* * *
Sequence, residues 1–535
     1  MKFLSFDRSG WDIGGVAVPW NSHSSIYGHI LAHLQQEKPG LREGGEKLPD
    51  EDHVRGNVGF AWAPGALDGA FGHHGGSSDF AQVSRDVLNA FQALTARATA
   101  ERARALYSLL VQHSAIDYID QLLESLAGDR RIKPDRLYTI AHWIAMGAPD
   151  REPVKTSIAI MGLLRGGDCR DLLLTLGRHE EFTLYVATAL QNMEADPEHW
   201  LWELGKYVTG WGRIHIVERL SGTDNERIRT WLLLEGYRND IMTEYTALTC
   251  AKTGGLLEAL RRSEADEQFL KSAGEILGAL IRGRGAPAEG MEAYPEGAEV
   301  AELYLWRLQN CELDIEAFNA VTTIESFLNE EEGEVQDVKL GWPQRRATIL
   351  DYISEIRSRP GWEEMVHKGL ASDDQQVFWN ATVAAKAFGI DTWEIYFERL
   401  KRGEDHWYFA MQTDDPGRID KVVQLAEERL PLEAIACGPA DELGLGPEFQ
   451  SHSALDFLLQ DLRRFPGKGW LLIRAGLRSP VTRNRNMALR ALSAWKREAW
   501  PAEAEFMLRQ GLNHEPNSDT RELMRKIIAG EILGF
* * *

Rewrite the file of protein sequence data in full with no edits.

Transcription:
Sequence, residues 1–535
     1  MKFLSFDRSG WDIGGVAVPW NSHSSIYGHI LAHLQQEKPG LREGGEKLPD
    51  EDHVRGNVGF AWAPGALDGA FGHHGGSSDF AQVSRDVLNA FQALTARATA
   101  ERARALYSLL VQHSAIDYID QLLESLAGDR RIKPDRLYTI AHWIAMGAPD
   151  REPVKTSIAI MGLLRGGDCR DLLLTLGRHE EFTLYVATAL QNMEADPEHW
   201  LWELGKYVTG WGRIHIVERL SGTDNERIRT WLLLEGYRND IMTEYTALTC
   251  AKTGGLLEAL RRSEADEQFL KSAGEILGAL IRGRGAPAEG MEAYPEGAEV
   301  AELYLWRLQN CELDIEAFNA VTTIESFLNE EEGEVQDVKL GWPQRRATIL
   351  DYISEIRSRP GWEEMVHKGL ASDDQQVFWN ATVAAKAFGI DTWEIYFERL
   401  KRGEDHWYFA MQTDDPGRID KVVQLAEERL PLEAIACGPA DELGLGPEFQ
   451  SHSALDFLLQ DLRRFPGKGW LLIRAGLRSP VTRNRNMALR ALSAWKREAW
   501  PAEAEFMLRQ GLNHEPNSDT RELMRKIIAG EILGF